Goats and sheep were, and still are, kept together by many farmers. In the Bible, references to goats not only reflect the nomadic way of life of the early settlers of the Middle East, who travelled from pasture to pasture, but also have symbolic significance.

Goats used for sacrifice

Leviticus, one of the earliest books in the Old Testament of the Bible, records the laws given by God to the Israelites, including instructions about sacrifices, often using goats. For example, if a ruler offended against the laws of God, ‘when he is made aware of the sin he committed, he must bring as his offering a male goat without defect' (Leviticus 4:23).


Leviticus also states that there should be a day of atonement for sin, when the priest should lay his hands on the head of a living goat, confessing the sins of the people, and then the goat should be sent out into the wilderness, ceremonially and symbolically carrying away the sins of everyone (Leviticus 16:20-22). This was the scapegoat.

The Old Testament idea of a scapegoat also continues into the New Testament. The description of Jesus as the redeemer who carries the sins of humankind refers back to the idea of the Old Testament scapegoat. A similar, more frequent symbol of Jesus is as a sacrificial lamb (see Big ideas: Sheep, shepherd, lamb).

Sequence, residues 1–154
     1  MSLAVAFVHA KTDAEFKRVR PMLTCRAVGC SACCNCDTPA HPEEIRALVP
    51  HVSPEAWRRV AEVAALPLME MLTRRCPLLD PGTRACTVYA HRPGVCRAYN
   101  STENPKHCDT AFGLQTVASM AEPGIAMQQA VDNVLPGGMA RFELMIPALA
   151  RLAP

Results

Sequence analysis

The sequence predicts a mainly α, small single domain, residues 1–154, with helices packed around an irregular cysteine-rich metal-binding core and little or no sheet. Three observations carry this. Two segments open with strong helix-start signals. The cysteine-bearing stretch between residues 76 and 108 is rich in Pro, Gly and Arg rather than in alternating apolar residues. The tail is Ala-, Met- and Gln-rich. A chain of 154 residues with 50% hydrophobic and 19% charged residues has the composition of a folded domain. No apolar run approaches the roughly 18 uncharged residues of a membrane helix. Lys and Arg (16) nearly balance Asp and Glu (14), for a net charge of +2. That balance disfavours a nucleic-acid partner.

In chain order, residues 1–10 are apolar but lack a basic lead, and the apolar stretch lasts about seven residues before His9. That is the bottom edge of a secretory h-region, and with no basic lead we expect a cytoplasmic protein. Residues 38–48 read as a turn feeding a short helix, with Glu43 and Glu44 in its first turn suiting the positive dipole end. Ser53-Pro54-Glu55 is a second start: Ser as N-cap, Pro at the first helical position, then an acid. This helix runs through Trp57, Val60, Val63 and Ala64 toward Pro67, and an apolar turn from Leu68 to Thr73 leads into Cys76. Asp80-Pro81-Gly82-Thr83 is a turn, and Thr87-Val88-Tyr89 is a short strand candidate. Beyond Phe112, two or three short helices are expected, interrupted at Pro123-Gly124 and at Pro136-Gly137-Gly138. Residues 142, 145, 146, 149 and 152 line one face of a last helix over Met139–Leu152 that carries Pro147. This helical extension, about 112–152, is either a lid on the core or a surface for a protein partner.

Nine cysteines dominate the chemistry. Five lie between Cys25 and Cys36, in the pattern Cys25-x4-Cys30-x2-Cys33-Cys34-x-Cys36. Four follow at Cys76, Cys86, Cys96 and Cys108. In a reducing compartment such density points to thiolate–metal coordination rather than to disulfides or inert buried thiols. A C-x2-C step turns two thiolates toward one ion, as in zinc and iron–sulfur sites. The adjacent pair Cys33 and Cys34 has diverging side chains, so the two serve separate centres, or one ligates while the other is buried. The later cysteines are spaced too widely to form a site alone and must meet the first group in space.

In the New Testament, goats appear in the story told by Jesus to describe the Last Judgement. He taught that those who have lived in obedience to God will be taken to heaven, whilst those who ignored God's commandments will be kept out. The imagery used is that God will separate the people one from another as a shepherd separates the sheep from the goats. He ‘will put the sheep on his right and the goats on his left' (Matthew 25:33).

Scapegoats in literature

The word scapegoat is still used today for someone who is made to take the blame for the wrong-doings of others.

George Orwell, in his novel 1984, invented a person, Goldstein, who is used by the government as the focus for the hatred of the masses and hence to draw attention away from the horrors of the regime. Orwell intensifies the idea of a goat by describing Goldstein as having ‘a small goatee beard' and a face ‘which resembled the face of a sheep.'

Related topics

Big ideas: Sheep, shepherd, lamb

Other cultural references

George Orwell's 1984

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